The story begins 50,000 years in our own past, with the human captain of the Imperium starship Dahak in the midst of a mutiny. Realizing he can’t fend off the mutineers, he orders the advanced computer running the ship to give a countdown, then release deadly radiation into the ship, forcing all the mutineers off the ship — and killing himself in the process. He also orders the computer to destroy any mutineers trying to return to the ship before his loyal crew members restore control.

His plan removes everyone from the ship, but the mutineers have sabotaged Dahak and left it too helpless to retrieve the loyal crew members’ lifeboats, but with automated systems that will destroy the mutineers’ warships if they come close. So the mutineers and other crew members descend to a nearby planet named Earth where they populate the planet. With the aid of “stasis fields” and bio-enhanced longevity, they mostly sleep through a 50,000-year stalemate. Dahak rebuilds itself, but is stuck between its captain’s last command to suppress the mutiny and the prerogative not to destroy half the Earth while doing so.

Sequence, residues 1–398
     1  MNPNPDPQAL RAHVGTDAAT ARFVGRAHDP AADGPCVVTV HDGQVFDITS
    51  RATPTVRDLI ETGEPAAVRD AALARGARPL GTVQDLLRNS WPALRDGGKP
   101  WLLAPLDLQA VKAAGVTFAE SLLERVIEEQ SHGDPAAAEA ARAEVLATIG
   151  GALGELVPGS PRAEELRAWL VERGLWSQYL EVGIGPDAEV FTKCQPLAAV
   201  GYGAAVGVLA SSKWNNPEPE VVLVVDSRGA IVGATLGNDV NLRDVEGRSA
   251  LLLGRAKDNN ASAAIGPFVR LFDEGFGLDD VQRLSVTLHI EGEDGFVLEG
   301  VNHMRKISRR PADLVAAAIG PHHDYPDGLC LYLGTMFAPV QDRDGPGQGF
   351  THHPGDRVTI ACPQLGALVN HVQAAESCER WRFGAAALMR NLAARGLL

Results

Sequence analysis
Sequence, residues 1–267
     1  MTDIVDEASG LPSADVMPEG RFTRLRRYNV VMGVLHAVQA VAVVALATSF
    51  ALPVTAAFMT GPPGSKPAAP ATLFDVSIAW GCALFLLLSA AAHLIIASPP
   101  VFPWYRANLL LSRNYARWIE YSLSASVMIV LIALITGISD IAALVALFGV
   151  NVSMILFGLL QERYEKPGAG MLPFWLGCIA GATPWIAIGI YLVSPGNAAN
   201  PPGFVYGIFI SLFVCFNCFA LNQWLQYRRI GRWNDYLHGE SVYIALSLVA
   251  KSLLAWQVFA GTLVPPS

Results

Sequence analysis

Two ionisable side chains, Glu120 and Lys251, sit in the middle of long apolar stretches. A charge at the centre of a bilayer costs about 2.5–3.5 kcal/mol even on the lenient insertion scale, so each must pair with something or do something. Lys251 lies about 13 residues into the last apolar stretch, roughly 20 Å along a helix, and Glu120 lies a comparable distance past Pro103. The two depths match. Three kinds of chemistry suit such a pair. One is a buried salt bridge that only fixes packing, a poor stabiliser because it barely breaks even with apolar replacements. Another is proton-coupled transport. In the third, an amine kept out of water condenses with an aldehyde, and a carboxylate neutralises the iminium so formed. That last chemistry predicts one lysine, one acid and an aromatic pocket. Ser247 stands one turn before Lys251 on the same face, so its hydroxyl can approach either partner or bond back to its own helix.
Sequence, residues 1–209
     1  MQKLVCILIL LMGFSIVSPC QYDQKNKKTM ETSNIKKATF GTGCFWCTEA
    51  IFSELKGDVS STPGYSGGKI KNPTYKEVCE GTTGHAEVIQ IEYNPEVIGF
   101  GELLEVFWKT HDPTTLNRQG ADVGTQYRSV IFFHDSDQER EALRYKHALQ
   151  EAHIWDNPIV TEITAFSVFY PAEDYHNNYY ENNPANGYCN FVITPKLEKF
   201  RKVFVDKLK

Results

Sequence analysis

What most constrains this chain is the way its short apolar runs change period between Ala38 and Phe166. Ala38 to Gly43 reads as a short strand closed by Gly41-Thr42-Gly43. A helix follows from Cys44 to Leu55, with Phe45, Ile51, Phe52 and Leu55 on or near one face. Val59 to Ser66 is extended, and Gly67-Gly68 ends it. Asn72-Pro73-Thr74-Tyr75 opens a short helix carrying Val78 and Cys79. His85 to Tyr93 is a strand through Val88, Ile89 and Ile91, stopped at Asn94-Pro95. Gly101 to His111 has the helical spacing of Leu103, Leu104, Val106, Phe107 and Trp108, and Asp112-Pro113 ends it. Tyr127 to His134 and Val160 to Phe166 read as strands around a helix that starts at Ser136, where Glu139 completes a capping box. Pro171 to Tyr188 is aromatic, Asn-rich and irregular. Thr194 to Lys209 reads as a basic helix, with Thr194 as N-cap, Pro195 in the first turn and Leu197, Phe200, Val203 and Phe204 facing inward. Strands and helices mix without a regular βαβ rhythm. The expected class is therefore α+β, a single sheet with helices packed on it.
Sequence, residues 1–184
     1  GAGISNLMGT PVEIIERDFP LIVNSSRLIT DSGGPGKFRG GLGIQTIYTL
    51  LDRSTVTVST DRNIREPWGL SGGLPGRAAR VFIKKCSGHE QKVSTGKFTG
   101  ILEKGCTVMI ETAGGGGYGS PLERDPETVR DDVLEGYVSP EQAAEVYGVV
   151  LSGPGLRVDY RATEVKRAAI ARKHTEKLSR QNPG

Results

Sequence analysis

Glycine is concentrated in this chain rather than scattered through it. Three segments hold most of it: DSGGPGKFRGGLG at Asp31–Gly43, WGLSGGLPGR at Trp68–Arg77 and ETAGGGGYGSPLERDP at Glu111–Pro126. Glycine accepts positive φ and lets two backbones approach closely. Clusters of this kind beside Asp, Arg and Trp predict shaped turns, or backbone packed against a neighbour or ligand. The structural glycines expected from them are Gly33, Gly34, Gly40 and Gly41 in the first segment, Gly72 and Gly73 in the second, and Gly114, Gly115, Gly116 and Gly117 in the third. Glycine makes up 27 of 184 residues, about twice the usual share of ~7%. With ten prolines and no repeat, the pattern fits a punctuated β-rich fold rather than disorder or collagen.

Fast-forward 50,000 years, and humanity’s recent forays to the moon — did we mention that Dahak is a “planetoid,” a stupendously colossal starship somehow posing as Earth’s moon for all these millennia? — enable Dahak to capture Colin MacIntyre, an astronaut and descendant of Dahak’s loyalists from so many years ago. Thus begins the battle between Dahak (commanded now by Colin) and the mutineers.

The first book chronicles the fight against the mutineers; the second follows humanity’s attempts to contact the remainder of the Imperium and fight off the advances of a hostile alien race; the third book details a madman trying to take over the new government.